Analysis Of Jan Hughes, Plaintiff Appellant V, Boston Scientific Corporation, Defendant Apellee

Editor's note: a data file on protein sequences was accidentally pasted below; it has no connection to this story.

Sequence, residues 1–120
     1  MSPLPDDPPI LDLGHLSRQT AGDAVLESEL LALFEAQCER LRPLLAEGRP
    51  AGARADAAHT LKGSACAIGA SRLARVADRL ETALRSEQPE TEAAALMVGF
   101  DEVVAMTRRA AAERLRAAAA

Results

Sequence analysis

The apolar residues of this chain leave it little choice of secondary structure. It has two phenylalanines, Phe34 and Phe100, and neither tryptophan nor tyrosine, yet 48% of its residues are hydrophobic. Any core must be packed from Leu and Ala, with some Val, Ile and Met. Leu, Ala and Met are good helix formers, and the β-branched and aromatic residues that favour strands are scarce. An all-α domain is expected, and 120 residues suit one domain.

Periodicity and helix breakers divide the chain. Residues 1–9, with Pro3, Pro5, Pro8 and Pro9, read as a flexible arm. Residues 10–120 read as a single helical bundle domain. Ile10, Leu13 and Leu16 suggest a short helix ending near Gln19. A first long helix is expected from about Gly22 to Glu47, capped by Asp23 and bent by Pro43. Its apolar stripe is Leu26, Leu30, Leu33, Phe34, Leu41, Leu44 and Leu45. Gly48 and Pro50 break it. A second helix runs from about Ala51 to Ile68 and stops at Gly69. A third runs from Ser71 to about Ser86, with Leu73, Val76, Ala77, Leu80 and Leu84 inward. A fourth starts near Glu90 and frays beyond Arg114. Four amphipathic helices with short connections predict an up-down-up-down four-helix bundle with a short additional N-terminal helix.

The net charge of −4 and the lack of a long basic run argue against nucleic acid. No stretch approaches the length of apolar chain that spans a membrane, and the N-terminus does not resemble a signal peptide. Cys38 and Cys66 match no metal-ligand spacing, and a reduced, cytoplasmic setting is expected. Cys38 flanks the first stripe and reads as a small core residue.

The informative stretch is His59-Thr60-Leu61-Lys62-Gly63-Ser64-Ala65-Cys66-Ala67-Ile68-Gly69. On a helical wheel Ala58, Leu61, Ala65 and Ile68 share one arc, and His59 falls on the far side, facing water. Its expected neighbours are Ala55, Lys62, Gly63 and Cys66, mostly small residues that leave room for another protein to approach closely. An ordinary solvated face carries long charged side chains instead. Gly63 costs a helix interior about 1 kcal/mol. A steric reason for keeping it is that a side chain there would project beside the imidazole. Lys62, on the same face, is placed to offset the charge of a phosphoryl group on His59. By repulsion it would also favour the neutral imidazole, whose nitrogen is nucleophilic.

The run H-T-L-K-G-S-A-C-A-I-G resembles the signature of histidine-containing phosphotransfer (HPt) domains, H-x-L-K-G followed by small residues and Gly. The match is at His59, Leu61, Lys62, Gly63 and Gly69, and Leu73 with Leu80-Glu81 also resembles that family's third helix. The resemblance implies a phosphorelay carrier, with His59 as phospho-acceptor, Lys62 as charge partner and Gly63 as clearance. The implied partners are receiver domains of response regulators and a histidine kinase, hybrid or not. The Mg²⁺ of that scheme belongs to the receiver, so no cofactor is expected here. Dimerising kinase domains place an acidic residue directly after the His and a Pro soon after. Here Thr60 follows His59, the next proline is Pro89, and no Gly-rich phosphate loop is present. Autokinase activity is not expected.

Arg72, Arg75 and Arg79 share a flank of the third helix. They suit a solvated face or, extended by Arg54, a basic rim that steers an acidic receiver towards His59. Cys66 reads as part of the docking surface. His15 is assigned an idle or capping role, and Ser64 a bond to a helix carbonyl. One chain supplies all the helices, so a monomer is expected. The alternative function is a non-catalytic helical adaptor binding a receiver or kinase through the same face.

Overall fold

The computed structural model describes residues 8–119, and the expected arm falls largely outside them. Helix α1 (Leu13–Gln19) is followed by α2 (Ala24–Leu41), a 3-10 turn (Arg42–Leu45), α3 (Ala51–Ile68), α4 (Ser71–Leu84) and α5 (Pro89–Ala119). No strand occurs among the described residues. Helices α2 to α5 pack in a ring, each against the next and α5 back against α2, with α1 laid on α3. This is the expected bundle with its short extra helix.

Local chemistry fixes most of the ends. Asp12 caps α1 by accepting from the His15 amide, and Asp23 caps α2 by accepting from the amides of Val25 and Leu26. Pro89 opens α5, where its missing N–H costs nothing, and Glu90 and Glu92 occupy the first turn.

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Name of the Case and Citation: Jan Hughes, Plaintiff-Appellant v, Boston Scientific corporation, Defendant-Apellee., 631F .3d 762 (2011), United States Court of Appeals, Fifth Circuit (January 21, 2011) Facts: Boston Scientific was the producer and seller of HydroThermAblator (“HTA”), a medical device marketed for treating menorrhagia, or excess uterine bleeding. The working of this device was by closed cycle circulation of hot saline solution at 194° F into and then flushing it from the uterus so that the lining of the uterus can collapse and release. In 2001, the Food and Drug Administration (“FDA”) approved HTA for entry into the market under its rigid premarketing approval (“PMA”) process. As HDA was classified under Class III medical device as per MDA, it received the highest level of FDA oversight. Dr. Weber was Hughes treating physician and on October 25, 2006 performed an ablation procedure on her with the use of HTA device. While conducting this procedure, hot liquid leaked from HTA device and caused a three-inch burn on Hughes’s outer perineal body and an area of similar size inside the vaginal introitus. These burns were characterized as second degree burns. Hughes visited Dr. Weber every other day for two weeks, and later once a week for six to eight weeks for treatment. A complaint was filed against Boston Scientific on March 26, 2008 by Hughes to solicit recovery for injuries allegedly caused by HTA device. The complaint was under the Circuit Court of Jones

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